- A currently serving CEO of a chamber or chamber-like organization may be nominated for Life Membership if he/she has served 12 or more years as CEO. Those nominated for life membership while still serving as CEO of a chamber must be approved by the selection committee two consecutive years.
- Staff members of chambers may be eligible for Life Member nomination following full retirement from the profession after at least 20 years of service.
NOTE: No more than two currently serving CEOs may receive Life Member designation in the same year.
- A nomination form and/or a nomination letter that includes appropriate information about the nominee must be submitted prior to the published deadline. In addition to the evidence of excellence in regards to the criteria, the nomination must include current contact information for the person being nominated.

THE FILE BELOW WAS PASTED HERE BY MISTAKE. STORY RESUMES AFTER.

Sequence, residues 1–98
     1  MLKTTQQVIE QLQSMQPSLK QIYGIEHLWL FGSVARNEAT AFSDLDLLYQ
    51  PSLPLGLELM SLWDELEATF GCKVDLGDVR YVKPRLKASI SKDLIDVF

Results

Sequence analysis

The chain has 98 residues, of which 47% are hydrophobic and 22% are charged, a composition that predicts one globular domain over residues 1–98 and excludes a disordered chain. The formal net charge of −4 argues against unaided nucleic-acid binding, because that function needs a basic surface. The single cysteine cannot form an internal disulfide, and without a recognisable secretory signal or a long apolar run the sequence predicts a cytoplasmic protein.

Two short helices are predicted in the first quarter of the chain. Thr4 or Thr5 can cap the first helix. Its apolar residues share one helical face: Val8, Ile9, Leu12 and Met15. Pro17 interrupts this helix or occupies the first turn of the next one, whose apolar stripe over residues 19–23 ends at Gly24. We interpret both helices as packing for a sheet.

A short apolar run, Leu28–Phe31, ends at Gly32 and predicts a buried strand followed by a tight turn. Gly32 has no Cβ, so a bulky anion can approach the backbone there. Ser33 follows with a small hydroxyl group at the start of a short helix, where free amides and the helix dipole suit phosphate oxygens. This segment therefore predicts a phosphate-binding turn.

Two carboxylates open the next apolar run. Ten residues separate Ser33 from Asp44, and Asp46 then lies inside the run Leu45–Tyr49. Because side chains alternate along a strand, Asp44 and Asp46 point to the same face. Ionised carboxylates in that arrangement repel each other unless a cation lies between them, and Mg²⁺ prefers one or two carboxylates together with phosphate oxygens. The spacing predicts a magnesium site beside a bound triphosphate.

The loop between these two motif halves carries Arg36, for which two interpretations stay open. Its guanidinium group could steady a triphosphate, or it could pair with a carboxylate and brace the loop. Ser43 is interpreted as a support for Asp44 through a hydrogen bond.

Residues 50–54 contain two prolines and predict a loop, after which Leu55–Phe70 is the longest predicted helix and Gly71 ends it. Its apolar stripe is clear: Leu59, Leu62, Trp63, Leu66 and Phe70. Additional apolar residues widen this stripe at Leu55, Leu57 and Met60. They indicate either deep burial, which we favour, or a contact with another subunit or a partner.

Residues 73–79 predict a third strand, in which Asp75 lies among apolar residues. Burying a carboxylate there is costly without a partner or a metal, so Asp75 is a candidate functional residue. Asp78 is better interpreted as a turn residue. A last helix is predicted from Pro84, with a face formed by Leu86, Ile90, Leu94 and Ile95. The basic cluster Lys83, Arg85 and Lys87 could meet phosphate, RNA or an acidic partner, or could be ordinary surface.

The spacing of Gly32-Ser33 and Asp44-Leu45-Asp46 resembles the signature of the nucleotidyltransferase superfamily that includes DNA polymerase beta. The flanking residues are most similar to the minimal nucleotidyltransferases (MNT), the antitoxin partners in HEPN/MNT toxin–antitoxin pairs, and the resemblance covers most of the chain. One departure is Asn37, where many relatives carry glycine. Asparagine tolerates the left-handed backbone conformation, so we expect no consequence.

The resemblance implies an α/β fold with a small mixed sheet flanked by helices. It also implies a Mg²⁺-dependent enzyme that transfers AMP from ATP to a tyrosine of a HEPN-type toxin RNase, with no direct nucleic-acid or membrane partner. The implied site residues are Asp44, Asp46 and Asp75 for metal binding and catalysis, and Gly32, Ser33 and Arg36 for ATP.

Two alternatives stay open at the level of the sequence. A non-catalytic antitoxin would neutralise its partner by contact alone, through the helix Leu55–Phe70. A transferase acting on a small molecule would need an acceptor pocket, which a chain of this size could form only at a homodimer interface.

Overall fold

- Late submissions, as well as those nominated in a prior award cycle, will be re-submitted for consideration in the subsequent year(s). Re-nomination is not required.
- Notice of acceptance (winning), rejection (unlikely to receive Life Member status at any time), and tabling (under consideration in the future) will not be provided to nominators prior to the announcement of Life Member awards. For this reason, it is recommended that nominators do not alert candidates at the time of nomination.
- Life Member designees and the primary nominating party will be notified at least six weeks prior to the date of the awards ceremony.
James B. Anderson, CCE